Deprivation of Liberty Safeguards

The Deprivation of Liberty Safeguards were introduced in 2009 in a bid to protect people’s human rights.  In particular, they were introduced to plug the cap that was left where people weren’t eligible to be detained under the Mental Health Act but needed to be detained (sometimes against their wishes) in a care home or hospital.  Since 2014, people’s awareness of the Deprivation of Liberty Safeguards has increased following a Supreme Court ruling that significantly reduced the threshold of who is considered to be deprived of their liberty.

It’s unlawful for a care home or hospital to deprive a person of their liberty without the correct safeguards in place because it breaches their human rights.  Human rights are universal, so it doesn’t matter whether a person has dementia, poor mental health, learning disabilities or is in a minimally conscious state, it’s not lawful for them to be deprived of their liberty without due process being followed and certain safeguards adhered to.

Sometimes, people need to live in a care home or receive their healthcare in a hospital.  Those that can consent to such arrangements have the option of deciding for themselves. It might not always be the wisest of decisions to discharge oneself from hospital until they have received the necessary treatment, but people have the freedom to make such decisions without the interference of others.

However, some people lack the mental capacity to make such decisions and have their decisions made by others.  This may be an attorney or deputy appointed by a court, or it may be a best interests decision made by someone else.  The Deprivation of Liberty Safeguards provide a set of safeguards for people who need to live in a care home or stay in a hospital and can’t make the decision whether to themselves.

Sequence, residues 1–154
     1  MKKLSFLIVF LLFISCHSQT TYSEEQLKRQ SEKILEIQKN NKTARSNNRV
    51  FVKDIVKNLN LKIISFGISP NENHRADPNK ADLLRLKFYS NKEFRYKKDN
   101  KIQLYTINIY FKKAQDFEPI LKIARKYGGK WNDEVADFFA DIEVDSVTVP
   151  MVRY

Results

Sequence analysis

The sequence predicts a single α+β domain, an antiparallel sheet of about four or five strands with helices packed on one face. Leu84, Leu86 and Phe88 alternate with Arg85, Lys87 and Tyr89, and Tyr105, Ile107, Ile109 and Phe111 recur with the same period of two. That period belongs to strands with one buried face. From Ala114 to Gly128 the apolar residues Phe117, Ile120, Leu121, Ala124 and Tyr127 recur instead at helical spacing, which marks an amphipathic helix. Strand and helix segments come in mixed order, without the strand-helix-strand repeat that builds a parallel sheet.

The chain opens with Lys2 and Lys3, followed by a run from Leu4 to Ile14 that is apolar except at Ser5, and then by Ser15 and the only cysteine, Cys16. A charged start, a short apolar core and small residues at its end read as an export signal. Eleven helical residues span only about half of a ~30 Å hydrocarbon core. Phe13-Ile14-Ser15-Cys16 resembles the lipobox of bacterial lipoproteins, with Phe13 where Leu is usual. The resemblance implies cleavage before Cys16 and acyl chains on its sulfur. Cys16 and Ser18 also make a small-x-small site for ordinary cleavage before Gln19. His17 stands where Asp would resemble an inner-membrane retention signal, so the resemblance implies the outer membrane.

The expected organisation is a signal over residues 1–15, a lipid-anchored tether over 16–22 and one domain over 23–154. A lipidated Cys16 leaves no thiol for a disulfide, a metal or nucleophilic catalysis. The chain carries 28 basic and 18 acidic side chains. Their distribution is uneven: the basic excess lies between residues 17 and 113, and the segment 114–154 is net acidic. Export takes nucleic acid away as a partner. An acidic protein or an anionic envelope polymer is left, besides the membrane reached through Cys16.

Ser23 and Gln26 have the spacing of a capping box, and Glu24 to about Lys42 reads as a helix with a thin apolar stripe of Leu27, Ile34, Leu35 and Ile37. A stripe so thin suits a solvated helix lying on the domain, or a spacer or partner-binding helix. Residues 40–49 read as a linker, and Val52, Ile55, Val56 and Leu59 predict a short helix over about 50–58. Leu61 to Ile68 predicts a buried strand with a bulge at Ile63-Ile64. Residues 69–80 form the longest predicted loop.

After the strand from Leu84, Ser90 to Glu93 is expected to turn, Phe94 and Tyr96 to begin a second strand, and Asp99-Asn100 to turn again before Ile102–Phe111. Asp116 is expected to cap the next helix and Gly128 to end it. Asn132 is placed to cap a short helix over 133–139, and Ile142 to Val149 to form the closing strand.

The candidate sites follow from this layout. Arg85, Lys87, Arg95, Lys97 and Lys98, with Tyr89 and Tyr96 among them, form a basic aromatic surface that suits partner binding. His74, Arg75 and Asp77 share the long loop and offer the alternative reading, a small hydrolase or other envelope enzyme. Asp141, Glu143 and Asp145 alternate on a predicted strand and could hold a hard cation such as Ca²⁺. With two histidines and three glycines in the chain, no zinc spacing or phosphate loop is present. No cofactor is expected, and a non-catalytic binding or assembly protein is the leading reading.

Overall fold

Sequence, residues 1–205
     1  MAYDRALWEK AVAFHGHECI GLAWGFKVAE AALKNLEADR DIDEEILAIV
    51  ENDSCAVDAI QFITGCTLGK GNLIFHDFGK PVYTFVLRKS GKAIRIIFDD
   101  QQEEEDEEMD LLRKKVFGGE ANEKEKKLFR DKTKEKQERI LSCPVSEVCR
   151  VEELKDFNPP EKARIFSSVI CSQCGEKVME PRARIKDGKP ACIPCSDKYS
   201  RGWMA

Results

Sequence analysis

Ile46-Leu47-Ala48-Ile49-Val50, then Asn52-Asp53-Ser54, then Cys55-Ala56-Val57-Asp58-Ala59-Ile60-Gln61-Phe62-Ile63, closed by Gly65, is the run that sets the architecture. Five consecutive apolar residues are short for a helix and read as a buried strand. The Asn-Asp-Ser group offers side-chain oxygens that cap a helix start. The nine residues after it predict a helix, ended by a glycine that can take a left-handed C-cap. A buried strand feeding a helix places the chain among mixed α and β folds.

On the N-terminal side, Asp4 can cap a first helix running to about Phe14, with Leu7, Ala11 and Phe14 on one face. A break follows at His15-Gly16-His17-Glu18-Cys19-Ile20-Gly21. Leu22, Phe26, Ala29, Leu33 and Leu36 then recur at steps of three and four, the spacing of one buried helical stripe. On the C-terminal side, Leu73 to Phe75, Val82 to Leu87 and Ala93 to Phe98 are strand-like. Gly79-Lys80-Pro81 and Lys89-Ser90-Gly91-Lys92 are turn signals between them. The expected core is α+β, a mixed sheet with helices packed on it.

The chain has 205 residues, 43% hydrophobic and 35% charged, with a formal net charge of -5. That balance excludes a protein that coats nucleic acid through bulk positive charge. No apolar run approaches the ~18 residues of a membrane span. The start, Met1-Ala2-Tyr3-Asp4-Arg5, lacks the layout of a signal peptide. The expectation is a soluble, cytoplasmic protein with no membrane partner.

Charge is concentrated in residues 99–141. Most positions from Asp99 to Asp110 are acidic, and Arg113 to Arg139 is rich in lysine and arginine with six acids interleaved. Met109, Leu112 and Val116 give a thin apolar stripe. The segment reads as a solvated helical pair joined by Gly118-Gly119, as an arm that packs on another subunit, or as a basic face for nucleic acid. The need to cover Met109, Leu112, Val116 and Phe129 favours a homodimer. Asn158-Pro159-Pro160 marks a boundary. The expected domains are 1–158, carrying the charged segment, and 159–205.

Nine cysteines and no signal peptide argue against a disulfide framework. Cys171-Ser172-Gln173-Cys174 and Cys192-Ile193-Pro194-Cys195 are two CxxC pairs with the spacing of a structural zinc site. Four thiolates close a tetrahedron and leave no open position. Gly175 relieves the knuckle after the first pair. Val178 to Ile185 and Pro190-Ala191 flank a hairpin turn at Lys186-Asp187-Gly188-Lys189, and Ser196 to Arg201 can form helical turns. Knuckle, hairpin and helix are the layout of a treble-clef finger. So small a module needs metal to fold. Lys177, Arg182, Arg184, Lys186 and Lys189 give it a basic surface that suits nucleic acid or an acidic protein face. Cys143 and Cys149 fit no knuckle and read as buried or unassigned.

The Deprivation of Liberty Safeguards process starts with a request from the care home or hospital to the local authority (the body who authorise deprivations of liberty in care homes and hospitals). Following this, an assessment is completed by a specially trained health or social care professional called a Best Interests Assessor.  The Best Interests Assessor will undertake a series of assessments to ensure that the person; lacks the mental capacity to make the decision for themselves, is objectively deprived of their liberty and that the deprivation of liberty can be attributed to the state.  The Best Interests Assessor will also ensure that the specific circumstances of the person are in their best interests and a proportionate response to the harm that would otherwise be present if the person wasn’t deprived of their liberty.  If all these are satisfied, the Best Interests Assessor will recommend that the local authority authorises the deprivation of liberty and for how long it should be authorised.

Once the authorisation has been granted, there are additional safeguards for the person.  First, they are appointed a representative who can challenge the deprivation of liberty by requesting a review of the authorisation or taking the matter to the Court of Protection for a Judge to determine whether the deprivation of liberty is lawful.  Second, the local authority can authorise the deprivation of liberty subject to certain conditions.  Finally, the authorisation lasts a maximum of 12 months before it is reviewed again by a Best Interests Assessor.

The deprivation of Liberty Safeguards only apply to care homes and hospital.  But of course, a person can be deprived of their liberty in other settings such as supported living and their own homes if the circumstances amount to a deprivation of liberty.  In such cases, an application to the Court of Protection is required as there are no procedural safeguards that can be used by local authorities to authorise a deprivation of liberty.